The evolution of the well aging, anti-aging or post-aging is a science story wrapped in a wave of shifting consumer perceptions. First the science.
At the dawn of the DNA-age, it was widely thought that chromosomal factors were the leading determinants of aging. Today, however, research is finding a more comprehensive array of factors impacting the process.
In 2017, a team of researchers published an influential paper, “The skin aging exposome,” which sought to lay out which factors impact the visible, if not chronological, perception of age. The authors defined the “exposome” as “the totality of exposures to which an individual is subjected from conception to death.
Causes of Aging
It includes both external and internal factors as well as the human body’s response to these factors.” These exposures include UV and IR, air pollution, lifestyle factors such as tobacco use and nutrition, stress and sleep deprivation, cosmetics and more.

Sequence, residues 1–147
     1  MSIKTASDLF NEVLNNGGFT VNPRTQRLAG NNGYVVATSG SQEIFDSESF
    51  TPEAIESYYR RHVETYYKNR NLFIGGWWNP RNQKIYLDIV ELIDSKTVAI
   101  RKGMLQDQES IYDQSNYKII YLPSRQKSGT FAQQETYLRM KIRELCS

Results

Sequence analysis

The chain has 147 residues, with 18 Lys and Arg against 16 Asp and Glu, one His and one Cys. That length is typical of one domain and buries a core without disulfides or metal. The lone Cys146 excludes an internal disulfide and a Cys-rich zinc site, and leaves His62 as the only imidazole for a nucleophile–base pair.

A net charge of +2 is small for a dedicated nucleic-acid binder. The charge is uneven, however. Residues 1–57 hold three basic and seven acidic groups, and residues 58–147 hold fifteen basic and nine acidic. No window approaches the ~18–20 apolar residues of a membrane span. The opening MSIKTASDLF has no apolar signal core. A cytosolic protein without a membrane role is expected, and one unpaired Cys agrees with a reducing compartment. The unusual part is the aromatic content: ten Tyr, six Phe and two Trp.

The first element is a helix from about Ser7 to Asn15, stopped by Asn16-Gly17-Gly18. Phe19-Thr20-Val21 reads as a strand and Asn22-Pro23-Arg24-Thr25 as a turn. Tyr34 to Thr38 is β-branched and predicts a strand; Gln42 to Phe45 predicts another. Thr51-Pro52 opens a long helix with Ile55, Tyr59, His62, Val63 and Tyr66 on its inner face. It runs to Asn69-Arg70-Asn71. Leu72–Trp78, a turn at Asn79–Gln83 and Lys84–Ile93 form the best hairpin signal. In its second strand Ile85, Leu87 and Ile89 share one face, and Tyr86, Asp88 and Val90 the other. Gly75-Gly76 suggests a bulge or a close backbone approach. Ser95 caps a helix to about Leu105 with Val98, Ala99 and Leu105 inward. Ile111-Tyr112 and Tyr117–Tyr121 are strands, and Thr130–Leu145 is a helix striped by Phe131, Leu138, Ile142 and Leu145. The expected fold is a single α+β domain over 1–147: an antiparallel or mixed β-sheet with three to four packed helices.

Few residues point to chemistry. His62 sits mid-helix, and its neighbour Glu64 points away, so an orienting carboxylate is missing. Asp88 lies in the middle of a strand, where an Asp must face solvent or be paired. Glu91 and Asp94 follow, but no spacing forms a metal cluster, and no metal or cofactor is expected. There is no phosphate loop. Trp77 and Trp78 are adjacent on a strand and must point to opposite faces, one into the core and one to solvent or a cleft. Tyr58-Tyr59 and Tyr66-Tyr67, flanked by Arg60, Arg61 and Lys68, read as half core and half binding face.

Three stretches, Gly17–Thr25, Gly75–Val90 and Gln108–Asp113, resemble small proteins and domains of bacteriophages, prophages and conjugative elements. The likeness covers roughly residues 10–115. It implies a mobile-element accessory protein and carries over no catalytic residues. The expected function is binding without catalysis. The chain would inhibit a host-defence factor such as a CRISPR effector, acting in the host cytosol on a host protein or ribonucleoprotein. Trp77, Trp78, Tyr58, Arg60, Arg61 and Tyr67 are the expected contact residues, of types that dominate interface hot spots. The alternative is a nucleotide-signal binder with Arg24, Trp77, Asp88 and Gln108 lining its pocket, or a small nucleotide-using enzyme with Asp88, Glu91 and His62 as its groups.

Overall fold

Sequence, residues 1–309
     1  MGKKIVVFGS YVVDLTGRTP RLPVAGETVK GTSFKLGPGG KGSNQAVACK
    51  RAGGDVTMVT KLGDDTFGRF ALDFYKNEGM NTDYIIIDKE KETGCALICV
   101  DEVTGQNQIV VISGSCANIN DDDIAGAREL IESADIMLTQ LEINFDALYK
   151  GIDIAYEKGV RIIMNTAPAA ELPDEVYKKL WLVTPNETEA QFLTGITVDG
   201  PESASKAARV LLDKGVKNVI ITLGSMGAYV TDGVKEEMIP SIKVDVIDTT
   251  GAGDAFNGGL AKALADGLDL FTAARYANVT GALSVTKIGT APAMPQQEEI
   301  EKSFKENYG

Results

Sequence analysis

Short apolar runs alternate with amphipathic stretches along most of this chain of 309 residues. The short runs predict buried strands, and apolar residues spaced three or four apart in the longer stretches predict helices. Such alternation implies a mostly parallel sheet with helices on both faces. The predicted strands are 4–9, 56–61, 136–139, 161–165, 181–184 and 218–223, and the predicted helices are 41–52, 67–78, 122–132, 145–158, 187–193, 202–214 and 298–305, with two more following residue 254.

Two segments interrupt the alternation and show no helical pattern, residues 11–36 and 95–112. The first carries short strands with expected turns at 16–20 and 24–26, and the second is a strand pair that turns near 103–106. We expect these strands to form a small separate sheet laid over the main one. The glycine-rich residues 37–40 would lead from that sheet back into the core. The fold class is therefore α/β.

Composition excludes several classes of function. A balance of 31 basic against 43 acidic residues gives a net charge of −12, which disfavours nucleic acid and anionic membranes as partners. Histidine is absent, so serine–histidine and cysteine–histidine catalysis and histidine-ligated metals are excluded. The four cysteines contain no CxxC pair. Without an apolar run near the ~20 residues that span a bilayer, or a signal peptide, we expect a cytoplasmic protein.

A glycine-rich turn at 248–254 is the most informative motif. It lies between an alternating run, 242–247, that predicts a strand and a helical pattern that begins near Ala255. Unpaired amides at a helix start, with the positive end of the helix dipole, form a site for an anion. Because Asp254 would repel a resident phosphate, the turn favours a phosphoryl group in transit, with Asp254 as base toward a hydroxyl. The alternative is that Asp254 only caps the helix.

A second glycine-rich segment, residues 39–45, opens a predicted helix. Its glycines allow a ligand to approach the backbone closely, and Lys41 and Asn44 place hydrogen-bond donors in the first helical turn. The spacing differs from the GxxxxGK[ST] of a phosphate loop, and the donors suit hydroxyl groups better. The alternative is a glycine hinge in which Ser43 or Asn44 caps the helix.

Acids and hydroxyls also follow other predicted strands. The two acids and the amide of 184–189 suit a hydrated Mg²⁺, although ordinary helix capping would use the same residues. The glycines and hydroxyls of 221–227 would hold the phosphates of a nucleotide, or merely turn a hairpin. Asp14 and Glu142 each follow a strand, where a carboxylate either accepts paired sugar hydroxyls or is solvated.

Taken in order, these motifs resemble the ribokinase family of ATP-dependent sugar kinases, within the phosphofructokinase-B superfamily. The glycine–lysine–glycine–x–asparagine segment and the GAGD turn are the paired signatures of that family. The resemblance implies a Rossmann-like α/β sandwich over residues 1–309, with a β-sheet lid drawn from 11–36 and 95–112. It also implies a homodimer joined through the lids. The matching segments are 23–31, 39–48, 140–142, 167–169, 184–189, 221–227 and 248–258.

In total, these insights point to a more nuanced mindset on what contributes to age perception. As the scientific focus around aging has broadened, consumer perceptions and demographic realities have shifted significantly.
By 2022, 32 percent of the U. S. population will comprise women aged 55-plus, according to a summer 2018 briefing by Sharon Kwek and Sarah Jindal, both senior global analysts, innovation and insights, beauty and personal care, for Mintel (www. mintel. com). It’s no surprise that mature women are therefore critical for the beauty industry because they represent an affluent and growing demographic.
These older consumers have more money than their younger counterparts, but they’re also working longer, dating more frequently and remarrying later in life. This revamped sense of vitality among older consumers has reshaped thinking on aging and self-esteem and requires new approaches by beauty product developers and marketers to offer clear benefits and relevance to a vibrant population that would rather enhance than mask its natural look. Read the entire article here.